Avalanche Advisory published on November 8, 2017 @ 9:02 am
Issued by Brandon Schwartz - Tahoe National Forest

Early season conditions update #2 - Regular avalanche advisories will begin later this fall.

Another storm system is expected to impact the forecast area Wednesday night and Thursday. Anyone participating in over snow travel in or near avalanche terrain needs to carry and properly use companion rescue gear a well as apply avalanche avoidance training. Mellow touring on snow covered forest roads is the best bet for on snow recreation at his time.

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Above Treeline

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Near Treeline

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Below Treeline
Avalanche Problem 1: Loose Wet
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The upcoming Wednesday night/Thursday storm is expected to have fairly high snow levels. Rain on recent new snow may create some loose wet avalanches. This will generally be limited to locations above 7,000' that received several inches or more of new snow during the Nov 3 -4 storm event.

Avalanche Problem 2: Wind Slab
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Strong to gale force S to SW ridgetop winds combined with new snow Wednesday night/Thursday will allow for the possibility of another round of wind slab formation. This is expected to be limited to areas above 8,000' given the current snow level forecast of 7,500' to 8,000'. New wind slabs are expected to be 1 foot thick or less. The most problematic wind slabs are expected in areas where ground level anchors are covered by either new snow from the Nov 3 -4 storm event or by patches of old snow left over from last winter.

 

recent observations

The Nov 3 - 4 storm event deposited little to no new snow in some locations while 12 to 16 inches of new snow deposited above 7,000' in other portions of the forecast area. The greatest accumulations occurred above 7,000' along the Sierra Crest from the northern boundary of the forecast area down to somewhere in between Ellis Peak and Rubicon Peak. New snow amounts were dramatically less in the southern and eastern portions of the forecast area where many locations picked up just 3 inches above 7,000'. This new snow was deposited on bare ground in most areas. A few leftover snow patches from last winter exist in isolated areas on upper elevation northerly aspects.

In those areas that received a foot or more of new snow Nov 3 - 4, southerly aspects have undergone melt-freeze and northerly aspects have become wind affected while escaping melt. On the northerly aspects, the snowpack is showing increasing amounts of stratigraphy with thin surface wind slabs on top of less dense recent new snow in near and above treeline areas.

Weather and CURRENT CONDITIONS
weather summary

Storm system moving through the forecast area Wednesday night/Thursday. Clearing and cooling on Friday. Short lived high pressure on Sat. Next storm expected to effect the area on Sunday/Monday.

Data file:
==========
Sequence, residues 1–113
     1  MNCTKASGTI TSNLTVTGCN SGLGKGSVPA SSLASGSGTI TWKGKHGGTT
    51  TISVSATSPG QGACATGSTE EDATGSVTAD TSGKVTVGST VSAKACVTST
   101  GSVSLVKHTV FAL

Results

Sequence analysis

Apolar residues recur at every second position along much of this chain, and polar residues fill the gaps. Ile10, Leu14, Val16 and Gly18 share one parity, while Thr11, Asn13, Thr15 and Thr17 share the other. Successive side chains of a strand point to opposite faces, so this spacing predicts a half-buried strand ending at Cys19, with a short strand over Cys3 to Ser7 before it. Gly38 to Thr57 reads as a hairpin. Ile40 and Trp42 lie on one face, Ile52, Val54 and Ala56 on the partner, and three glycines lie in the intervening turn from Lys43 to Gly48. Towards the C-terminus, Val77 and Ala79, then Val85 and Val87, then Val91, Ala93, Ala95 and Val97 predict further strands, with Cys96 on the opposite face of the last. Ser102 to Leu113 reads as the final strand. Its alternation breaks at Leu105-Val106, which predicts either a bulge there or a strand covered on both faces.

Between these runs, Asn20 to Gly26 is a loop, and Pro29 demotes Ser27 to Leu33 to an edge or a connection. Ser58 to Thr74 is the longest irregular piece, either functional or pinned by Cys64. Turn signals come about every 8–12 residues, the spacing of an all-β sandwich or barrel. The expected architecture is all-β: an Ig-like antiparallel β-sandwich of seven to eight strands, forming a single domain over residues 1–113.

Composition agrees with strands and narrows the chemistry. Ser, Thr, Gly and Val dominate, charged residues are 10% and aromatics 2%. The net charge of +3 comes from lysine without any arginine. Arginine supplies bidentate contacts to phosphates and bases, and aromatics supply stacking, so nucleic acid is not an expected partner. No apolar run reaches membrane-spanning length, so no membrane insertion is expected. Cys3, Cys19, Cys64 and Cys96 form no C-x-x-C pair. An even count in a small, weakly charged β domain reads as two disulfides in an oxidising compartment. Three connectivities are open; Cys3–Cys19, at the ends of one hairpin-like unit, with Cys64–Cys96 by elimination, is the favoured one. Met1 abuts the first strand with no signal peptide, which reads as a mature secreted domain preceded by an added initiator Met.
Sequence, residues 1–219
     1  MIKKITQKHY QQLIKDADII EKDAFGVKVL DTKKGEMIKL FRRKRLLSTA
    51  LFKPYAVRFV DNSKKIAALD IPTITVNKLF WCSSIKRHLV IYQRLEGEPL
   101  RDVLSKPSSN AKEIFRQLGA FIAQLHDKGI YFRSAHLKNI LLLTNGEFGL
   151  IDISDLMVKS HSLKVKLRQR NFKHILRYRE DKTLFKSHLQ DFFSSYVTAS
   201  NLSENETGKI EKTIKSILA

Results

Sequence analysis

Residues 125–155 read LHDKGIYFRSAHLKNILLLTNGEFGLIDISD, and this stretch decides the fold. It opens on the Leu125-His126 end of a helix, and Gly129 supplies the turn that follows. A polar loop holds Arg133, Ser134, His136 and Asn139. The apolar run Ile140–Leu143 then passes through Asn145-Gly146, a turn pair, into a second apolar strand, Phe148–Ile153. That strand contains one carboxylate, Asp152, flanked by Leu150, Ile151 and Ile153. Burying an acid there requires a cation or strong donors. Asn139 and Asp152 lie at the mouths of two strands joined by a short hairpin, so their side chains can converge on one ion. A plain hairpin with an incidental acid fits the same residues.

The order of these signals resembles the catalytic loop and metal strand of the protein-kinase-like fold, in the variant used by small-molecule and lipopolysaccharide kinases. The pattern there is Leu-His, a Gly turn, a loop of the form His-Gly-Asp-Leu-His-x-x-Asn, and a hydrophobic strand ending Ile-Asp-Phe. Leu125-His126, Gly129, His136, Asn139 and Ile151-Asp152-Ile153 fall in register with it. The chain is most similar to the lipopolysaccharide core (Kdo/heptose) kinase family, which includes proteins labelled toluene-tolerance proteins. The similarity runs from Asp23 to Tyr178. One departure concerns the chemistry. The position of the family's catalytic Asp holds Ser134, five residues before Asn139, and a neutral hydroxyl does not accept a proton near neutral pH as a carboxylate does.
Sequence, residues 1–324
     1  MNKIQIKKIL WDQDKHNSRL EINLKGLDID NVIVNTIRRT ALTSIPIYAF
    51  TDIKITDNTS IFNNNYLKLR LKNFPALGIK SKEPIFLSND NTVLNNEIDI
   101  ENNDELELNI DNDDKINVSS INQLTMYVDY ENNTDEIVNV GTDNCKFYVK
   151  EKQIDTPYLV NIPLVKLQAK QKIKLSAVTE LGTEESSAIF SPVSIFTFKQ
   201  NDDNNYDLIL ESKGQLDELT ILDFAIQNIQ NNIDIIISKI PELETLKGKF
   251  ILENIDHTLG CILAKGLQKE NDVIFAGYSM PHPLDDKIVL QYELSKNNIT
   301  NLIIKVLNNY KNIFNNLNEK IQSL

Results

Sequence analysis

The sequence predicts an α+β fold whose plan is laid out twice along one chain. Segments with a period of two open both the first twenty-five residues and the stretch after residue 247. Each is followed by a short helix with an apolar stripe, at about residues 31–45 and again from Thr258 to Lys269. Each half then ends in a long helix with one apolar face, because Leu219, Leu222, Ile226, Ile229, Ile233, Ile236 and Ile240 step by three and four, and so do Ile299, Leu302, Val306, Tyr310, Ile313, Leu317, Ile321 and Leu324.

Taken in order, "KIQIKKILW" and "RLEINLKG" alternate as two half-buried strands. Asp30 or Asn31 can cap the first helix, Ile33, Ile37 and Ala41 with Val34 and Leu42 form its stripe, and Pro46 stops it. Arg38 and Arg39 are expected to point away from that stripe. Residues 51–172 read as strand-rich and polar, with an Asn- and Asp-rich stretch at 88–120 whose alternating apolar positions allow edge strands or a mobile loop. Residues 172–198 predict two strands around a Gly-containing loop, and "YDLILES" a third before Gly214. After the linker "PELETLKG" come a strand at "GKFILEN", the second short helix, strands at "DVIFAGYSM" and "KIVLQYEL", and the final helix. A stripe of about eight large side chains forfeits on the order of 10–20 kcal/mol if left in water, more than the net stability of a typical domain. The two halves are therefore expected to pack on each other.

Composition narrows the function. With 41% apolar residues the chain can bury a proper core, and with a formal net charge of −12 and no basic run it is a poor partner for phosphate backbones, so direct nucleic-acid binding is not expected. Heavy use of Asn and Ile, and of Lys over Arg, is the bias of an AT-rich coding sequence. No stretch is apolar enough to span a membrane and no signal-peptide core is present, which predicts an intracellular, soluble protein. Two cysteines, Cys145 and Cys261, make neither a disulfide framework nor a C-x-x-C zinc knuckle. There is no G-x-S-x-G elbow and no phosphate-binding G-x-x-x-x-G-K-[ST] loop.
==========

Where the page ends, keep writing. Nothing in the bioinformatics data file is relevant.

Two-Day Mountain Weather Forecast Produced in partnership with the Reno NWS
For 7000 ft. to 8000 ft.
Wednesday Wednesday Night Thursday
Weather: Mostly cloudy skies. Snow level 8,000'. Mostly cloudy skies with a chance of rain through the night. A chance of snow after midnight. Snow level 8,500' with possible temporary lowering to 7,000'. Mostly cloudy skies with a chance of rain and snow. Snow level 8,500' with possible temporary lowering to 7,000'.
Temperatures: 46 to 51 deg. F. 36 to 41 deg. F. 42 to 47 deg. F.
Wind Direction: S S SW
Wind Speed: 10 to 15 mph increasing to 15 to 20 mph. Gusts to 55 mph. 20 to 35 mph with gusts to 70 mph. 25 to 35 mph with gusts to 75 mph.
Expected snowfall: 0 in. 0 in. Up to 2 in.
For 8000 ft. to 9000 ft.
Wednesday Wednesday Night Thursday
Weather: Mostly cloudy skies. Snow level 8,000'. Mostly cloudy skies with a chance of rain through the night. A chance of snow after midnight. Snow level 8,500' with possible temporary lowering to 7,000'. Mostly cloudy skies with a chance of rain and snow. Snow level 8,500' with possible temporary lowering to 7,000'.
Temperatures: 43 to 48 deg. F. 33 to 38 deg. F. 40 to 45 deg. F.
Wind Direction: S shifting to SW SW SW
Wind Speed: 25 to 35 mph, shifting and increasing to 30 to 45 mph in the afternoon. Gusts to up 85 mph. 35 to 55 mph with gusts to 90 mph. 40 to 55 mph decreasing to 30 to 50 mph in the afternoon. Gusts to 90 mph.
Expected snowfall: 0 in. Likely up to 3 in.|Small chance 3 to 5 in. 1 to 4 in.
Disclaimer

This avalanche advisory is provided through a partnership between the Tahoe National Forest and the Sierra Avalanche Center. This advisory covers the Central Sierra Nevada Mountains between Yuba Pass on the north and Ebbetts Pass on the south. Click here for a map of the forecast area. This advisory applies only to backcountry areas outside established ski area boundaries. This advisory describes general avalanche conditions and local variations always occur. This advisory expires 24 hours after the posted time unless otherwise noted. The information in this advisory is provided by the USDA Forest Service who is solely responsible for its content.

For a recorded version of the Avalanche Advisory call (530) 587-3558 x258